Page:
By Melanie Haskell, Project Manager, LogicsOne
Managing complex technology projects requires cooperation from multiple resources, spanning different departments and management levels, technology manufacturers, and organizations. Due to the complexity of the modern IT environment, project management in this industry is much more than coordinating phone calls and assigning tasks. The ability to communicate effectively (listening, observing, and questioning) is crucial to positive IT project outcomes.
How do I get a networking engineer to provide me a daily status report? How do I explain that disaster recovery between sites depends on bandwidth between those sites? How do I ensure the project I’m working to deliver is in line with the customer’s expectations? How do I know if the customer wants to mitigate the risk of BYOD?
There are three simple rules of effective communication when managing complex IT projects:
I was recently attending a webinar on the Importance of Listening and the presenter mentioned an interesting exercise. Ask a person three or four times to recite the word “White,” then ask them what cow’s drink. Nine times out of ten, the person will say “Milk,” not “Water.” This illustrates what happens when people try to solve, rather than listen. If you get ahead of yourself in an IT project, mistakes happen. As an IT Project Manager, my role is to not just watch for this behavior in myself (making an assumption about how a customer will test applications in a VDI pilot for example) but also in other project stakeholders. Perhaps a CTO wants additional storage up and running by the end of the week but the IT Director states he does not have the resources to meet that deadline. What is meant by “up and running?” and what “resources” does the IT Director need to meet the request? Is it a people shortage, bandwidth issues, manufacturer backorder, rack space? A project manager that listens well, can untangle the issue to keep the project on track.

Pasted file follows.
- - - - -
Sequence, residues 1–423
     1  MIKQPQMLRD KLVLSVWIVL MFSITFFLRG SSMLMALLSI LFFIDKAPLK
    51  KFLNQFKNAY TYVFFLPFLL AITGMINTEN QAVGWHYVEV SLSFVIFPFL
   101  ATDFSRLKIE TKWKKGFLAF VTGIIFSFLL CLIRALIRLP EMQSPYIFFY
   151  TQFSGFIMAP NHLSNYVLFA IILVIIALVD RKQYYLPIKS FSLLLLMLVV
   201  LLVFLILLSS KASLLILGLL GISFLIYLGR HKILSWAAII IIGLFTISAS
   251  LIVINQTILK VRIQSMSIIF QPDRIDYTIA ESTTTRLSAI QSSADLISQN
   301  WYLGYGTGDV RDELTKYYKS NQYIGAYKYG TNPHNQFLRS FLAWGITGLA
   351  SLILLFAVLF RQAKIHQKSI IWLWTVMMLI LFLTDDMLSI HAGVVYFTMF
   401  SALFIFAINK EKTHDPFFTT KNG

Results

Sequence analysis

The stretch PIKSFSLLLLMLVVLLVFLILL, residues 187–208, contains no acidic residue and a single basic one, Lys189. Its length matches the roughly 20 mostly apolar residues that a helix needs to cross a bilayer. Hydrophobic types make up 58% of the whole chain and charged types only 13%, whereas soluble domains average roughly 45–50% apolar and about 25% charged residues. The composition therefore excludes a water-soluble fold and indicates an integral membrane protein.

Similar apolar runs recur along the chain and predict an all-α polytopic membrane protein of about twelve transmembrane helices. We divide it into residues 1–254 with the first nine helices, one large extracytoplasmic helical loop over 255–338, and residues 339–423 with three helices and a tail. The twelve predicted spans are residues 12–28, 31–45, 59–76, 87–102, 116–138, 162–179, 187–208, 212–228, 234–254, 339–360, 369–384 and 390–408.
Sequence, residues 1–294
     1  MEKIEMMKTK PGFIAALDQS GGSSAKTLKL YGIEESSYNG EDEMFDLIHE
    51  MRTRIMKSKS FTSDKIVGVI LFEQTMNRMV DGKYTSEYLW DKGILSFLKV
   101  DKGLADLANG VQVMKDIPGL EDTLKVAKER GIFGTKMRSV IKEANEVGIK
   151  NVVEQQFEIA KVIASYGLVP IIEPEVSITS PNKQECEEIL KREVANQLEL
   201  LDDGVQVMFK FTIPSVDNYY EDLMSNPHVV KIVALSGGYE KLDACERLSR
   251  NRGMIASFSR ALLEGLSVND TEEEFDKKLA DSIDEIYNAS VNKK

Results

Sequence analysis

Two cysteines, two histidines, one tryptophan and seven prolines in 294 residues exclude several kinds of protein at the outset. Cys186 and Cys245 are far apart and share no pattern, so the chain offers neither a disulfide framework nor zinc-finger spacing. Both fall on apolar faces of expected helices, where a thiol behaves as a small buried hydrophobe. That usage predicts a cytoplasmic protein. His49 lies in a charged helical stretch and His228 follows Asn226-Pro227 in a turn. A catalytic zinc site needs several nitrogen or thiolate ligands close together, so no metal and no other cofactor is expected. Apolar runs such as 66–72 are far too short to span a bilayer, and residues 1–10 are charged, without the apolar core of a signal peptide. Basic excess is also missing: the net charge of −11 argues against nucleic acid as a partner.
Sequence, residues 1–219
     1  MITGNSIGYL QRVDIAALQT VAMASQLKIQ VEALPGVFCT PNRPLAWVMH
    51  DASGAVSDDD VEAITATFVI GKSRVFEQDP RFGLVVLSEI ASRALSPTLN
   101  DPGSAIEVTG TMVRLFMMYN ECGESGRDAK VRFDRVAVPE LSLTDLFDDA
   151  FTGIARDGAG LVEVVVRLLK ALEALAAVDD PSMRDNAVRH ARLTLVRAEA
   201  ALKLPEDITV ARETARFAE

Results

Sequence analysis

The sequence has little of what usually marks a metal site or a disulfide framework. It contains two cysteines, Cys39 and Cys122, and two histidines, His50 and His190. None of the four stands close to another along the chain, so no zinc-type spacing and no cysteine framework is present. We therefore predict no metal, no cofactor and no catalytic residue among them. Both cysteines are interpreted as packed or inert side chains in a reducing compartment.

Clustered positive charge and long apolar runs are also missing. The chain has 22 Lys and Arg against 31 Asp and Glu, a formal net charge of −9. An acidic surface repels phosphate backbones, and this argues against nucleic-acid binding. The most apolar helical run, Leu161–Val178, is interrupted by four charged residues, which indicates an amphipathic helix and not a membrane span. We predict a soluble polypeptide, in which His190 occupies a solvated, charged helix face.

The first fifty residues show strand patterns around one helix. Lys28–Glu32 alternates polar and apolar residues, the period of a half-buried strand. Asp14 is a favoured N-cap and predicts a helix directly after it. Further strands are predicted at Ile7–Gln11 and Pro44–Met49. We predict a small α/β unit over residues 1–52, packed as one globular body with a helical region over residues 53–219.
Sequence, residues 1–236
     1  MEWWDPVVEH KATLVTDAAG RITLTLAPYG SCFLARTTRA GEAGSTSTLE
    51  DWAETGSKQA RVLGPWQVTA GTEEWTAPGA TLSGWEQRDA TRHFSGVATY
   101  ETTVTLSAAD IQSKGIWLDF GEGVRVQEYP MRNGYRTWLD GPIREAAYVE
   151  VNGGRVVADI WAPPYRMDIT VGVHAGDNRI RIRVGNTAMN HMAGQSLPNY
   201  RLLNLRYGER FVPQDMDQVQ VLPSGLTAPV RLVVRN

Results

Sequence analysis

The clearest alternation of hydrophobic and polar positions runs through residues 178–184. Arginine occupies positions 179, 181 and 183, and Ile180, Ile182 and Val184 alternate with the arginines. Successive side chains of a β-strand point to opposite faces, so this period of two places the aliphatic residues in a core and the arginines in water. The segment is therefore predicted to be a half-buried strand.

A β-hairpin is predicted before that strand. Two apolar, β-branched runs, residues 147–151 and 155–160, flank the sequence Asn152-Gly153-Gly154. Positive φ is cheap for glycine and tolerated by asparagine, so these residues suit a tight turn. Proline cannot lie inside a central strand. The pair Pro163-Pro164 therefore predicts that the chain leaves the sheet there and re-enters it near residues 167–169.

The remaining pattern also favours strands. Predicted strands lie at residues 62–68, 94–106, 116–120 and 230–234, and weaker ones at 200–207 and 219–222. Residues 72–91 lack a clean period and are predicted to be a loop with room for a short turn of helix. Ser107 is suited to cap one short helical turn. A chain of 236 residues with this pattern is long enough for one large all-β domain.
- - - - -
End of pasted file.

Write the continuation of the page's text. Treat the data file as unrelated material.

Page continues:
Effective IT project managers have the ability to quickly gauge stakeholders’ level of technical knowledge, area of expertise, level of responsibility, etc. so they can tailor any message to be clearly heard and effectively understood. But another important skill is the power of observation. Project Managers need to ensure all stakeholders are engaged. I was recently in a meeting where I watched someone subtly tune out another person because they thought that person was discussing a topic that was not in their particular “wheelhouse.” But in the modern IT environment, we cannot function in IT silos any longer. Not only is everything connected from a technology standpoint, but all IT projects are also business projects. Effective project managers use observational skills for better project outcomes by minimizing knowledge gaps and ensuring all stakeholders are engaged.
As an IT Project Manager I work with many different customer contacts (at varying levels of an organization) daily. If I am working with a linear and nimble IT environment and I need a port opened on the firewall, most likely all I need to do is ask. However, if the project involves a customer environment that is layered (maybe ITIL certified) and has a team of 8 people responsible for network security and I need that same port opened on their firewall, I need to approach the request very differently (and probably have to wait for a Change window). If I am working with the Executive Administrative Assistant of a law firm and ask if all equipment has been received, racked, and cabled and is ready for the engineer to arrive onsite, I need to provide a deeper level of detail in my question than if I were asking the same question to an IT Manager.
By employing strong communication skills—listening, observing, and questioning—IT project managers can ensure successful, effective IT project outcomes.